Most of the ingredients we buy to cook with are long dead. Thankfully. The meat and dairy products in your refrigerator, the bins of sugar, flour, rice and grains in your pantry, all of the various spices and condiments in the cupboard--none of them is going anywhere, metaphorically speaking.
Except for that rare block of wild, mold-ripened artisanal cheese, any physical changes these foods go through while waiting for us to prepare them are restricted to bacterial spoilage. The main exception to the rule is fruit.
Though we may think of fruit as cheerfully inanimate, its life doesn’t stop at harvest. Fruits continue to change--and even to breathe--long after we’ve popped them into our shopping bags and taken them home.
Fruit ripens. We all know that. But what does it really mean?
Ripeness is not a fixed point but a process. It begins with pollinated flowers forming fruit and ends with rot. As anyone who has eaten a dripping peach will tell you, when caught at the right point, that’s not nearly so disagreeable as it sounds. Here’s the process--call it “A Fruit’s Progress.”
Within several days of being pollinated, a fruit has created all the cells it ever will. It will get larger, certainly, but that’s because the cells expand, not because the plant is making more of them. The cells expand because they are filling up with water. Dissolved in that water is a rich variety of compounds, but of primary interest to us are the starches, acids and sugars.
Technically, at that point a fruit has only matured. It doesn’t begin to ripen until it reaches its maximum size. Ripeness is signaled by a series of changes. Frequently the skin turns color as the green chlorophyll fades, revealing the underlying pigments (this is the same reason some leaves turn red in the fall). The fruit softens too, as enzymes from within the fruit begin to dissolve the cell walls and the pectin glue that holds them together.
Pectin is the reason immature fruit is so hard. It is also the reason why fruit cooked into jams and jellies can thicken without the addition of a starch. As fruit matures, the pectin glues change into pectic acid, which has much less ability to form a gel. Consequently, very ripe fruit does not make good jam.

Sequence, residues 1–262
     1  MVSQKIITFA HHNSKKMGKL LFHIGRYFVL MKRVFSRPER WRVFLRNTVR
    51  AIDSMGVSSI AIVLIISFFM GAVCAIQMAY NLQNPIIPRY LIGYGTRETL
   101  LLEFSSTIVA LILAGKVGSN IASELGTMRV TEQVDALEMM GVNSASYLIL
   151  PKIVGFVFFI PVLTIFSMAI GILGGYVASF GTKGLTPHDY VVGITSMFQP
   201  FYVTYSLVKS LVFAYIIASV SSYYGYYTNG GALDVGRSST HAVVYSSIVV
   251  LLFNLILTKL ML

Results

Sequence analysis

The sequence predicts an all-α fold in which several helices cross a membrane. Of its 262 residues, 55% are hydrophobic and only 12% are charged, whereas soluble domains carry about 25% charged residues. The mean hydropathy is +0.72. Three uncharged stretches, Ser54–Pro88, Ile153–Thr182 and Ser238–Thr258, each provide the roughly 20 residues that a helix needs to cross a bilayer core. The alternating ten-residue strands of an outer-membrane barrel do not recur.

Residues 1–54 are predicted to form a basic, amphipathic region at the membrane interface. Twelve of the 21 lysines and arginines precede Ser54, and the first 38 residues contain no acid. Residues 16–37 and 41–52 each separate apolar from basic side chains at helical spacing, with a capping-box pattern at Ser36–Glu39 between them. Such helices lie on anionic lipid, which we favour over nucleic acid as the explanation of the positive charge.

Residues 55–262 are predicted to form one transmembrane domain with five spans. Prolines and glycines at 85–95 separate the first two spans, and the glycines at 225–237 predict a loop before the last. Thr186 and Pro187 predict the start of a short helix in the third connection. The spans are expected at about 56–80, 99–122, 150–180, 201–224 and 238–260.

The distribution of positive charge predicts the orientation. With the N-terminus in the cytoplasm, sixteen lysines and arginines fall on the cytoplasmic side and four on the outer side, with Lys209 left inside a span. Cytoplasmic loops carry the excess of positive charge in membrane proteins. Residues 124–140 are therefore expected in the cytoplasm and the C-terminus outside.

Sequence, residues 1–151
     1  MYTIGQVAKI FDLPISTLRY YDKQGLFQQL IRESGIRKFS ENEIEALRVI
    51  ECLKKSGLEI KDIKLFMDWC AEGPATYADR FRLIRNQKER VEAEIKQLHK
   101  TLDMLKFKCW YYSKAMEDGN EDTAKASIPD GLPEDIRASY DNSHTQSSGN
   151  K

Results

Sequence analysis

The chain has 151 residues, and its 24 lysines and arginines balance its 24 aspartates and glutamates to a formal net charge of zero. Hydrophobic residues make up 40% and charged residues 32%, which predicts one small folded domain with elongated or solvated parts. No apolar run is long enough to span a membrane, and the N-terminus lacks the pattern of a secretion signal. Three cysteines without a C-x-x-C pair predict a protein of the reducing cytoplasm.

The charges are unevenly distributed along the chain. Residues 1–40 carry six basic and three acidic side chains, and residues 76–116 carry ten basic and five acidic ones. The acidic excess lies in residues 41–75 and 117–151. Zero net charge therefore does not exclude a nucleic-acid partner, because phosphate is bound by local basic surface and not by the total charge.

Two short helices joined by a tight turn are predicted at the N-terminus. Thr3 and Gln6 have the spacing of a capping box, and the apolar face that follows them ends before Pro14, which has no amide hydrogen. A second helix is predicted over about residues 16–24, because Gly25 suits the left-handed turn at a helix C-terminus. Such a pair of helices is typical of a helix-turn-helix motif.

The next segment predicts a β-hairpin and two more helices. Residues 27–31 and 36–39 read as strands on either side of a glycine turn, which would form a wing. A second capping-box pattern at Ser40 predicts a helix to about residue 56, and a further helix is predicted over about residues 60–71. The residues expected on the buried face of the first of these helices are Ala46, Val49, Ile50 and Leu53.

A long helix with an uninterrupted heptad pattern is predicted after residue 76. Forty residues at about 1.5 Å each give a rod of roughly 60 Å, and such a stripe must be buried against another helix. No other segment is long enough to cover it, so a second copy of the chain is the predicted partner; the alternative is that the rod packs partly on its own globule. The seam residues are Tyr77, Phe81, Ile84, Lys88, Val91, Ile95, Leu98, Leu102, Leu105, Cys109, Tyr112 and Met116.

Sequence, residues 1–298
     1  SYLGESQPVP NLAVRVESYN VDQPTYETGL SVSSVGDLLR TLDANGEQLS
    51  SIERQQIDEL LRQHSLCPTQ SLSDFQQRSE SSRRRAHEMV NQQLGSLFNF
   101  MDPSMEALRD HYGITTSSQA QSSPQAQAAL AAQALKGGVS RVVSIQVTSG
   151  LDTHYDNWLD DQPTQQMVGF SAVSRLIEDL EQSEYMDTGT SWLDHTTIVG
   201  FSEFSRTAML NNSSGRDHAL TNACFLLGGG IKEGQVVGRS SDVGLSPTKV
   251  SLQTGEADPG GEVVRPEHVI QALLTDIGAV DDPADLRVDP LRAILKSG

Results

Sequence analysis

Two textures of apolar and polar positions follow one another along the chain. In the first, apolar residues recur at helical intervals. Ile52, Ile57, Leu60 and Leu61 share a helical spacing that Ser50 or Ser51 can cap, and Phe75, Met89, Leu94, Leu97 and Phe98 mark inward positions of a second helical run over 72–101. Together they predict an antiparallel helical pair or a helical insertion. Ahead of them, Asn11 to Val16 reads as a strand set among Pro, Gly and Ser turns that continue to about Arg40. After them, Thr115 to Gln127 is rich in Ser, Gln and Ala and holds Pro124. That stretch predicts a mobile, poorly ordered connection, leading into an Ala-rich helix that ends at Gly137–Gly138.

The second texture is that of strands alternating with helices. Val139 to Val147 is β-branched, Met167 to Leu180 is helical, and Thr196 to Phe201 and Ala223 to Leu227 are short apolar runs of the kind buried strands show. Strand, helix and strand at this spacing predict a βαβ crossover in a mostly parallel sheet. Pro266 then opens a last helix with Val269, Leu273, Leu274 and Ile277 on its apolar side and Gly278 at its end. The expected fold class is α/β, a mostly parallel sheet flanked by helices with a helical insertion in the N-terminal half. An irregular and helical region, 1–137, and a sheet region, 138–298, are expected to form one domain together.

As the cell walls of the fruit dissolve, moisture is released, making the fruit juicy. At the same time, its chemical compounds intermingle, combining and forming new ones. Of special interest are the compounds that convert the complex carbohydrate starch to the simple carbohydrate sugar. Simple sugars like glucose are converted to complex sugars like fructose and sucrose. Fragrances and flavors develop. Left to itself, the fruit will eventually ripen to the point that it falls to the ground, where it then will either be eaten by animals or finish rotting. Either way, the seeds in the fruit will be scattered to germinate, sprout and grow into new plants.
But ripeness is not a single standard: In different types of fruit, it means different things. As the eminent food writer Jeffrey Steingarten has pointed out, there are five classes of fruit, each ripening in a different way.
Neither is ripeness an unmixed blessing--especially to the people who sell fruit for a living. Obviously, as the fruit softens with ripeness, it can become damaged more easily. This is true not only for accidents that occur during shipping but also for hazards in the field--anything from a poorly timed rain to a hailstorm, even a gust of wind that rubs branches against the fruit.
That is why farmers view the picking of fruit as a race against time. The sooner they can get it out of harm’s way, the better. And because of the ability of many fruits to continue improving in quality after they are off the tree, farmers can pick them even when they appear to be dead green. This is especially true of stone fruits (apricots, peaches, plums and nectarines).